Melissa Lucio was sentenced to death. The courts will now consider these 4 requests to decide if she gets a new trial.

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By Dakin Andone, CNN

Fourteen years after being sent to Texas death row, Lucio de Melissa will finally have the chance to have new evidence of her claims of innocence considered in state court.

Lucio, 53, was due to be executed on Wednesday for capital murder in the 2007 death of her 2-year-old daughter. But two days before that, the The Texas Court of Criminal Appeals granted him a stay of executiondelaying her death so Lucio’s trial court can determine if she should be granted a new trial.

The mother of 14, her family and her lawyers say she was wrongly convicted for the death of her toddler Mariah. While prosecutors argued at trial that Lucio was an abusive mother who caused the injuries that led to the daughter’s death, Lucio’s attorneys said those injuries were the result of falling down the stairs two days earlier in front of the family’s apartment.

To help decide whether Lucio will get a new trial, the appeals court ordered Lucio’s trial court to consider four of the nine claims she raised in her application for a habeas corpus writ, which requires that a public official shows a valid reason for the detention of a person. .

A trial court judge will consider her request and prosecutors’ response before making a recommendation to the state appeals court, which will decide whether she gets a new trial. It is not known how long the process will take.

“I don’t think there’s a way to predict” whether Lucio will get a new trial based on these four allegations, said Robert Dunham, executive director of the Death Penalty Information Center, a nonpartisan nonprofit. who takes no position on the death penalty but has criticized the way it is administered.

But “the stay and remand for consideration of these applications is extraordinarily significant,” Dunham added, describing this week’s decision as “an open door, a threshold that needed to be crossed for Melissa Lucio to have her day ahead of the court. “

Here, we’ll break down these four claims and what Lucio and his lawyers are arguing.

Claim 1: No juror would have convicted Lucio without the state’s perjury

The first remand complaint claims that Lucio was convicted based on false testimony from medical experts and state investigators who interviewed Lucio the night his daughter died. (It’s worthless, the legal standard that Lucio’s team sought to meet does not require proof that the state knew this testimony was false, per its habeas petition, only that it gave the jury a false impression.)

At the time of her death, Mariah’s body was covered in bruises ‘in various stages of healing’, her arm had been broken several weeks earlier and she had what authorities believed was a bite mark on her back, documents show. judicial.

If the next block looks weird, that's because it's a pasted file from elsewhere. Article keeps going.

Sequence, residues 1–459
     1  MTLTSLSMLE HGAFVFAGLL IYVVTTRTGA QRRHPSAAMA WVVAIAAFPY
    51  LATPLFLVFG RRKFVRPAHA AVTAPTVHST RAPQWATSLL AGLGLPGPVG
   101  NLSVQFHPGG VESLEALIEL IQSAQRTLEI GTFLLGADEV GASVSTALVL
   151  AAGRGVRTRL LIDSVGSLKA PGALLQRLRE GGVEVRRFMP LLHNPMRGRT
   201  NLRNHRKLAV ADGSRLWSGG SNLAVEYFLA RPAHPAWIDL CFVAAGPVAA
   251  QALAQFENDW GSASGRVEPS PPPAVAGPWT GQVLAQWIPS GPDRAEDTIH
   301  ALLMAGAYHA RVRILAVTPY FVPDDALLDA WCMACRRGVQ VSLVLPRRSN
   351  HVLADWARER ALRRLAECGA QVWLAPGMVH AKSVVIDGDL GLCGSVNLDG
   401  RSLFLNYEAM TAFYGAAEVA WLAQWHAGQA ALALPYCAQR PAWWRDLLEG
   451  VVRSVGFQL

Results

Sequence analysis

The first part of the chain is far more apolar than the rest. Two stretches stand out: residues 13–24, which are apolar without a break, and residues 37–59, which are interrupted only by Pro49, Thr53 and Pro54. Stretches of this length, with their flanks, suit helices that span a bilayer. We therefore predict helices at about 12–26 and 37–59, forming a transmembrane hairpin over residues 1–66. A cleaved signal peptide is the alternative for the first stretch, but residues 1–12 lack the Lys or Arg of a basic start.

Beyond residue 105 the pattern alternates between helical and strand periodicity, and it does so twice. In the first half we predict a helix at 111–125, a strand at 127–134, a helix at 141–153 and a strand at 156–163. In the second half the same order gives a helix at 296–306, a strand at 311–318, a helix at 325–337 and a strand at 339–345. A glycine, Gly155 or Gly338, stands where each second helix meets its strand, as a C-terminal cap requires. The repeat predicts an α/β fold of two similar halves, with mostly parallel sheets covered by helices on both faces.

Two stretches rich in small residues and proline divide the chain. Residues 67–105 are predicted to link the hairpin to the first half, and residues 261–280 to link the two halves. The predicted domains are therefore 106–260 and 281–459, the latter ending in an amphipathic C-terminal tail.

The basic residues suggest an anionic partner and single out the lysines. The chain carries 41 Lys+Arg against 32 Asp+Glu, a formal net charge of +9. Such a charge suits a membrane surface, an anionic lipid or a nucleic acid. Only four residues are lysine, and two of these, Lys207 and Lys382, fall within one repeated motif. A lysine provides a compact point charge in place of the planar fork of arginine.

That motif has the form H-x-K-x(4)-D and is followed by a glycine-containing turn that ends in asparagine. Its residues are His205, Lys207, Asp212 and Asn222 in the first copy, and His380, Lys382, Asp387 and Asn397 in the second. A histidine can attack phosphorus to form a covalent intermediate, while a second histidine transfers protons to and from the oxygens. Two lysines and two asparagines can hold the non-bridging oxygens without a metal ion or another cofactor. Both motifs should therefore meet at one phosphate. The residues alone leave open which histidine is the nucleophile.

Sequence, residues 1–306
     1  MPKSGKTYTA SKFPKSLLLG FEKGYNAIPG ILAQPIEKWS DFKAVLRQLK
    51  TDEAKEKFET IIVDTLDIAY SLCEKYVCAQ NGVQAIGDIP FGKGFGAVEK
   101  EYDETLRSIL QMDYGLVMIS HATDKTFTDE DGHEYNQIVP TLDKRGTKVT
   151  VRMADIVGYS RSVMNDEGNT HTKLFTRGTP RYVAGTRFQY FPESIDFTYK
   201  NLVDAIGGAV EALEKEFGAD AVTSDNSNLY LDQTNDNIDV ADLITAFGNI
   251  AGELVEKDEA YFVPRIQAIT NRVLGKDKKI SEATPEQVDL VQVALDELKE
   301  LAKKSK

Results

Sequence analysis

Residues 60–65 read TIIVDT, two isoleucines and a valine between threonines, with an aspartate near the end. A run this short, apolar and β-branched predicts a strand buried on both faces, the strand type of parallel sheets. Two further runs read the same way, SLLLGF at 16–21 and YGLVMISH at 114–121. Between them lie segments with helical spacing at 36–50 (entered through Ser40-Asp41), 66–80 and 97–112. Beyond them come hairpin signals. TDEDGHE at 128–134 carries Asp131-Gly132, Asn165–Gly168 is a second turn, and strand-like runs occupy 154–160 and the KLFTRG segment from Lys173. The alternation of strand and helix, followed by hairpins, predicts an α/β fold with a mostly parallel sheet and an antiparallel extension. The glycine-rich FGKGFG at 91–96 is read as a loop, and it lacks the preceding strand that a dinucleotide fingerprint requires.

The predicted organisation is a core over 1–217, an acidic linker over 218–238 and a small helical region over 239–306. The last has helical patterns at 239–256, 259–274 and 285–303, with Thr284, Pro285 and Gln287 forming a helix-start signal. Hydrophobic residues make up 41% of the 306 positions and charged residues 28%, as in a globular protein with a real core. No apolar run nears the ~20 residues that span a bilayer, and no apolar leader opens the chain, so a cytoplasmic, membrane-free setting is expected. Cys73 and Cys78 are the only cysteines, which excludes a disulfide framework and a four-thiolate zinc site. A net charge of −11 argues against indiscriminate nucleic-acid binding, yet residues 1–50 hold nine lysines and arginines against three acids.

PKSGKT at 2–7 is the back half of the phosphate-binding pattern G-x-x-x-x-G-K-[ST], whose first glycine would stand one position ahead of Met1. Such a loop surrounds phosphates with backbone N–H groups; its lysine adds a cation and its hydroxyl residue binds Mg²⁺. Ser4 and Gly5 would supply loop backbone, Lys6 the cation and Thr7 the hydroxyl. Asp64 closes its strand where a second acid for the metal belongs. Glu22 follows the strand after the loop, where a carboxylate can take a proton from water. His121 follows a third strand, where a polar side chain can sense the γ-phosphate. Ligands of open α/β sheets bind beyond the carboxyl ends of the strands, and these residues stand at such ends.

According to her lawyers, the authorities decided that Mariah’s injuries were abuse and set out to confirm this theory while ignoring evidence that could prove Lucio’s innocence.

Hours after Mariah’s death, Lucio was questioned by investigators, including a Texas Ranger who testified in Lucio’s trial for the state. He claimed, per the habeas petition, that he knew Lucio was guilty because of her behavior: her head was lowered and she avoided eye contact — signs, he said, of his guilt.

That testimony has since been proven “scientifically baseless and false,” Lucio’s habeas petition states. Quoting a neuroscientist, he says the current scientific consensus is that there is no basis for the idea that certain facial and body movements can reveal someone’s mental state.

The medical examiner who performed Mariah’s autopsy also offered false testimony, according to Lucio’s lawyers.

The medical examiner – who determined blunt force trauma was the cause of Mariah’s death – learned that Lucio had confessed to child abuse. This knowledge, according to Lucio’s habeas request, “corrupted” the autopsy and its findings, and the medical examiner failed to review other parts of Mariah’s medical history, including her difficulty walking and her documented history of falls due to turned foot.

At trial, the medical examiner said the injuries could only have been caused by abuse, pointing out during his testimony the severe bruises on Mariah’s body, a broken arm several weeks before her death and alleged bite marks on his back.

But Lucio’s lawyers, citing medical experts, offered other explanations for the injuries: Mariah showed signs of a blood-clotting disorder which can lead to severe bruising, they say, and a broken arm is not uncommon in toddlers, especially those with a history of falls.